However, the state of personally identifying as, or being identified by society as, a man, a woman, or other, is usually also defined by the individual's gender identity and gender role in the particular culture in which they live.

The capacity to mediate between men and women was a common skill, and third genders were oftentimes thought to possess an unusually wide perspective and the ability to understand both sides.

In recent years, some Western societies have begun to recognize genderqueer or non-binary identities.

In Africa, a woman can be recognized as a “female husband” who enjoys all of the privileges of men and is recognized as such, but whose femaleness, while not openly acknowledged, is not forgotten either.

The hijras, of India, are one of the most recognized and socially accepted groups of third genders.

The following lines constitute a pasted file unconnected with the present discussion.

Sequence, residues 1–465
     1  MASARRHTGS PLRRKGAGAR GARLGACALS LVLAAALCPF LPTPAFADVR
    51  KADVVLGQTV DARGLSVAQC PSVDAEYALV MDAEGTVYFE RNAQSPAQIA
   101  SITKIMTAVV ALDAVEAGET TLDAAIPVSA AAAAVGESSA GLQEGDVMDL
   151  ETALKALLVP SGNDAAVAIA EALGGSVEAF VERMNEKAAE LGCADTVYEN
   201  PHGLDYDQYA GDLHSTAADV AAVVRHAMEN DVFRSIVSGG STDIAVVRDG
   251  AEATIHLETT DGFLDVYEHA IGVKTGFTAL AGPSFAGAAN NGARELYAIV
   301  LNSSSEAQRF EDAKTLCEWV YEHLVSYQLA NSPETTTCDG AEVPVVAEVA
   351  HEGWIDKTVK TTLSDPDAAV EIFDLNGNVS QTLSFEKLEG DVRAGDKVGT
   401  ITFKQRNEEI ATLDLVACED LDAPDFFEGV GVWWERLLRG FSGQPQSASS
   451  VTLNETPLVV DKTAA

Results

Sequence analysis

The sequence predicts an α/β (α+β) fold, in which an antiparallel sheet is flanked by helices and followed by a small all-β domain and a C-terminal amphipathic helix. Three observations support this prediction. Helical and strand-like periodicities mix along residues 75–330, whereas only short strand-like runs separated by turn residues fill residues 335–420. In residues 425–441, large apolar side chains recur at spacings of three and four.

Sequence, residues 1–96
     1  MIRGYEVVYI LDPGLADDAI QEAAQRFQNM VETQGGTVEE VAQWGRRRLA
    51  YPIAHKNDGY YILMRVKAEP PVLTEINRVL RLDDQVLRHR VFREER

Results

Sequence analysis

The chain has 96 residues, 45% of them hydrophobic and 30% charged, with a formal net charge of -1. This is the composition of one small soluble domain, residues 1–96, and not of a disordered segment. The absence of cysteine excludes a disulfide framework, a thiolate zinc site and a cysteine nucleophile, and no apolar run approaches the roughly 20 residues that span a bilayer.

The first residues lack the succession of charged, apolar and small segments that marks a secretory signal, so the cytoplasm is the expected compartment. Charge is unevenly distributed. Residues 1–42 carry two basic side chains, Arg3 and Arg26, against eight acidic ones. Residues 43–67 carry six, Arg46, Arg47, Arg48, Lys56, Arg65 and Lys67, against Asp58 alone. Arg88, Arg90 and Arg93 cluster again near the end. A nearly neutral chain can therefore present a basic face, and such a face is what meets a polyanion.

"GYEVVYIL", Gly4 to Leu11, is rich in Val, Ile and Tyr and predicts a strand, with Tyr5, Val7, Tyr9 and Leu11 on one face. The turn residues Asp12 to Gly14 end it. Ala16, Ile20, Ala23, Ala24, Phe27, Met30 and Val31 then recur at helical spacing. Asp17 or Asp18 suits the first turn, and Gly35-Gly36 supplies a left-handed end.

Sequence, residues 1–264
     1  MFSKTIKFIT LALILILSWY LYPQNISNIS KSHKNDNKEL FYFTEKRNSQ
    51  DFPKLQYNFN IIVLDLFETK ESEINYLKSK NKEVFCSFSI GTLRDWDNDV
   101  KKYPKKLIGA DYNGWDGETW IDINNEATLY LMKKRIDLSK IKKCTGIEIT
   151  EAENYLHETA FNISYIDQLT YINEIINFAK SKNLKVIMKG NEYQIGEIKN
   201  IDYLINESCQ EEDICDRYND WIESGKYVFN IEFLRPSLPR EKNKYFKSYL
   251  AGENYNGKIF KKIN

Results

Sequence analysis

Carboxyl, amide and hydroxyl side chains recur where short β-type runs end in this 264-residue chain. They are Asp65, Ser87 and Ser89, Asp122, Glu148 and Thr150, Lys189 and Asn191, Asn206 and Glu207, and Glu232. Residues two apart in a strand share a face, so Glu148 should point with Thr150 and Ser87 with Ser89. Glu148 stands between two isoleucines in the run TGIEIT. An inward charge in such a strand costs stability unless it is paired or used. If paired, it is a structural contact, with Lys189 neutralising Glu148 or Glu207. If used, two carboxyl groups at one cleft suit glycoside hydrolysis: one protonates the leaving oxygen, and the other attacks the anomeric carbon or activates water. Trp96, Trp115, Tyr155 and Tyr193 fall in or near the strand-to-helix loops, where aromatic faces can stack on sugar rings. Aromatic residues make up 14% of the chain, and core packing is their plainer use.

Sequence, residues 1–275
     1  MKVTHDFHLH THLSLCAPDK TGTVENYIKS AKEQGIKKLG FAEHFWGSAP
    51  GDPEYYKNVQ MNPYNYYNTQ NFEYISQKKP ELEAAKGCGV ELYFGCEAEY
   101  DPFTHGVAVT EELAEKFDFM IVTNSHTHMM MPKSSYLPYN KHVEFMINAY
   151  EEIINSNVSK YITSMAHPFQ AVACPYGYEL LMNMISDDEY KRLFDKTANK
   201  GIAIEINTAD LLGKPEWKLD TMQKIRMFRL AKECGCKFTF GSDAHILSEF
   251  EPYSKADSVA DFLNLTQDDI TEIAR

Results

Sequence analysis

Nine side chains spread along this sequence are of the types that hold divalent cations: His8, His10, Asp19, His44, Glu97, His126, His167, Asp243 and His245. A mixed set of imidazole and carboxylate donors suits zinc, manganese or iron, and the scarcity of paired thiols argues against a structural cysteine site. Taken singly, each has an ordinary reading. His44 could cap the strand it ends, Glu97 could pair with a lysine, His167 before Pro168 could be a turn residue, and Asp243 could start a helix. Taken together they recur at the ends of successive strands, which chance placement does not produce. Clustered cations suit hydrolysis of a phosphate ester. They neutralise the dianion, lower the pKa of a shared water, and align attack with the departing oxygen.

Gender may be organized differently in different cultures.

In some non-Western cultures, gender is not binary and one can cross freely between male and female.This is seen as a mediation between the spirit and mundane worlds.It is seen as a positive and is almost revered in most Eastern cultures, whereas in Western cultures, people who don’t conform to heteronormative ideals are often seen as sick, disordered, or insufficiently formed.Nearly half of those interviewed were healers or in the medical profession.A majority of them, again like their Eastern counterparts, were artistic enough to make a living from their abilities.In March 2017, an Australian and Aotearoa/New Zealand community statement called for an end to legal classification of sex, stating that legal third classifications, like binary classifications, were based on structural violence and failed to respect diversity and a "right to self-determination".